Shoah survivor’s book on Auschwitz is Germany’s best-seller

Shoah survivor’s book on Auschwitz is Germany’s best-seller

90-year-old Sam Pivnik's title about his experience in the Nazi camp topped the list within a week

The entrance gates to Auschwitz I, located in Poland 

(Photo credit: Jemma Crew/PA Wire)
The entrance gates to Auschwitz I, located in Poland (Photo credit: Jemma Crew/PA Wire)

A biography describing the ordeal of a Holocaust survivor has become a German best-selling biography within a week of its release.

Penned by 90-year-old Sam Pivnik, Survivor: Auschwitz, The Death March And My Fight For Freedom raced straight to the number one spot on Germany’s best-selling biographies list after being translated and released on March 13.

The book begins with an adolescent Mr Pivnik, whose family was forced into a ghetto in 1943 before being sent toAuschwitz II-Birkenau concentration camp.

While he was kept in the camp for six months, his parents and younger siblings were killed upon arrival.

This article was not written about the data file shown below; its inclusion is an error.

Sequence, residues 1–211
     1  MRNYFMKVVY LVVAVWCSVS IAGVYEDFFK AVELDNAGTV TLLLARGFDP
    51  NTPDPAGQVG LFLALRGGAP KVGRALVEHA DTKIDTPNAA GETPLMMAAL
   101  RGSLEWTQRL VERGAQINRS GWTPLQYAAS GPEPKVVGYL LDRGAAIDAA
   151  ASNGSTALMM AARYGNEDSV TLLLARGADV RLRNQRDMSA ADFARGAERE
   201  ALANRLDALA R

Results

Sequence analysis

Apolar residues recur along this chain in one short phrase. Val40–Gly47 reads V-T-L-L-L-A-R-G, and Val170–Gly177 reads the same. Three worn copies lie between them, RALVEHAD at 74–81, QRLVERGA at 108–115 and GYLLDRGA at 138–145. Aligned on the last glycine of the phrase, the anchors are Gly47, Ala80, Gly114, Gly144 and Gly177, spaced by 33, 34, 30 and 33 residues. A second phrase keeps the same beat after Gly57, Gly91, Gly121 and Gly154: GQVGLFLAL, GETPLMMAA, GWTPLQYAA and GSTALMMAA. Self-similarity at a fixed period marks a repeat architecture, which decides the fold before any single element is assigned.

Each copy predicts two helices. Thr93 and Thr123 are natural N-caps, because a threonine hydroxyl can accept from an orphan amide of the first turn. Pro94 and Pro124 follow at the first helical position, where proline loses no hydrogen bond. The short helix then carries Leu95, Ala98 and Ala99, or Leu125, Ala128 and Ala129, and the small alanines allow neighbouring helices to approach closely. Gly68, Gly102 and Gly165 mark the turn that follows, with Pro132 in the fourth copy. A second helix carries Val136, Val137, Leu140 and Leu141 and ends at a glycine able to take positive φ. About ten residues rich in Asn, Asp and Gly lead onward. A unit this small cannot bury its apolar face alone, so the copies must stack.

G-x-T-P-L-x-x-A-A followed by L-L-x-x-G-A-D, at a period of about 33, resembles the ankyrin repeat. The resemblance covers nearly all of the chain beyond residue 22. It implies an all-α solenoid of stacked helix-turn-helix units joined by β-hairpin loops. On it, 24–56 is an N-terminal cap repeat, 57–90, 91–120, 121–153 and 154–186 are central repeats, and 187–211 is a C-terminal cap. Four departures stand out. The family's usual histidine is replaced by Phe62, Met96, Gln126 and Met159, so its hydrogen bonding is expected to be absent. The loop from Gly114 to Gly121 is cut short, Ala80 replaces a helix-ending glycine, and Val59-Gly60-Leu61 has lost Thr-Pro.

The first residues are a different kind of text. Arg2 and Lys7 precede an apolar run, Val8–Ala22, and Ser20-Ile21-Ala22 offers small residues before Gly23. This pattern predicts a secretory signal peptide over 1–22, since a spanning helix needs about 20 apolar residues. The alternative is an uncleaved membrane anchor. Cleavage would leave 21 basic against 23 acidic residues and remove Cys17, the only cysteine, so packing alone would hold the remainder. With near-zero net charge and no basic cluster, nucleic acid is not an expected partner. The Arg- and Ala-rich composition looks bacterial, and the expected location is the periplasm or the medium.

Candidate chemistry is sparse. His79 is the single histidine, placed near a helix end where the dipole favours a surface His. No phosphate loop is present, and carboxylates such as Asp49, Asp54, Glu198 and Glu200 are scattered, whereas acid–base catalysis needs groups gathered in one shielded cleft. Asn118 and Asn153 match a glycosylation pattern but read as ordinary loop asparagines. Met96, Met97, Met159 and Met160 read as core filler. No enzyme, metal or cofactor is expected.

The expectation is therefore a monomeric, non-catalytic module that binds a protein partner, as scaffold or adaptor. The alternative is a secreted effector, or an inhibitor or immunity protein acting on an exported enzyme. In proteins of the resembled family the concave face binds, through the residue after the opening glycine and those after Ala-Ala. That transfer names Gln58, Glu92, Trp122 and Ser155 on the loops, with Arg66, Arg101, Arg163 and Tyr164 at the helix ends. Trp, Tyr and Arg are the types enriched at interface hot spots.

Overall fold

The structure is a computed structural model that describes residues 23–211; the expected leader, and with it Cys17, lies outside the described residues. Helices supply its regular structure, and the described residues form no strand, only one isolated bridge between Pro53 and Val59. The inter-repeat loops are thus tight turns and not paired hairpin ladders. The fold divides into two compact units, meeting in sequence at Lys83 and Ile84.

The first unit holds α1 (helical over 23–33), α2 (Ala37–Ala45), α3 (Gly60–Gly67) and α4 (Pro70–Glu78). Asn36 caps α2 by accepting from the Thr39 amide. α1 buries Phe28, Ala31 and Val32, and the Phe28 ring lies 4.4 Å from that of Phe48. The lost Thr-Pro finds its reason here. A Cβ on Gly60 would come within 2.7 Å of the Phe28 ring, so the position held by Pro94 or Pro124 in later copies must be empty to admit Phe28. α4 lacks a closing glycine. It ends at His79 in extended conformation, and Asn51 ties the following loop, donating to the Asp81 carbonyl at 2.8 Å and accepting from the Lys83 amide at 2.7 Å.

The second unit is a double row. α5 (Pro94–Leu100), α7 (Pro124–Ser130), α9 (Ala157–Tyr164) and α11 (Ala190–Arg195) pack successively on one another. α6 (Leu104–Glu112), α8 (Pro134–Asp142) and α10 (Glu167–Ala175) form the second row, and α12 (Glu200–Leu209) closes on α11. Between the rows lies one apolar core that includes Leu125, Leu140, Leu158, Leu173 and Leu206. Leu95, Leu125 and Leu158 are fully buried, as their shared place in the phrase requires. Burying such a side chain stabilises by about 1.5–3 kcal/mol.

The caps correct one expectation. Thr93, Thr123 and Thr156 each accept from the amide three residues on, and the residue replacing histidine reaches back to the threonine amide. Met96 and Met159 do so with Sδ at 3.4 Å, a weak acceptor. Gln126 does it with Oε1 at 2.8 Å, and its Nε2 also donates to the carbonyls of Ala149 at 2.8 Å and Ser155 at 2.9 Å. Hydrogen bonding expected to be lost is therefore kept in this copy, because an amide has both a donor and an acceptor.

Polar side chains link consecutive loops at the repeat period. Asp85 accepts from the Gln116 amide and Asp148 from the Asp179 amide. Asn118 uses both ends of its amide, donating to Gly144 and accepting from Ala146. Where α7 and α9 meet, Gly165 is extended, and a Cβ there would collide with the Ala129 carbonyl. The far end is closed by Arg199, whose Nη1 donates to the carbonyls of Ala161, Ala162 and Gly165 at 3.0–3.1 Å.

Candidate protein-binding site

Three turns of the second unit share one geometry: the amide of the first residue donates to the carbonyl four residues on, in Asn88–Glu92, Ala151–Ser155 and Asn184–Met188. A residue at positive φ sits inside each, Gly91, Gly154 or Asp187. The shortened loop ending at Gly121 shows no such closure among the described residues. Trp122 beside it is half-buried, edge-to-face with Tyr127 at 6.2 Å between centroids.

Mr Pivnik, who settled in London after the war and became an art dealer, said: “I am pleased that German people can read this now.

“I cannot say that you should enjoy the book, it’s not an enjoyable book, it’s a terrible thing in history that took place, but thank God we are all free people now and that’s the main thing.

“We are all human beings. We must live and learn from history to make sure that it never, never, never happens again.”

The 300-page book was first published in the UK in 2012 and has since been translated into eight languages.

Gotz Fuchs, editor of the German edition of the book, said: “It’s so important that this book has been translated widely, especially in German.

“Sam shares what’s happened in the book and it’s very personal, he talks about what he went through and losing his family, the book begins in his childhood at the age of 13 on 1 September when Germany invaded Poland, he has lived through so much.

“He writes about his childhood and now children in Germany can read this book, making a link to the next generation.”

On the day of the book’s release, Mr Pivnik received letters from German schoolchildren who had read extracts of the biography.

Marius Horak, a student at Gruenstadt School in southern Germany said: “I knew it was horrible and bad but I never really understood that it was that bad and most people don’t understand that and don’t know about it.

“This is a first hand source which is unusual. (Reading) it, it felt like I was really there.”


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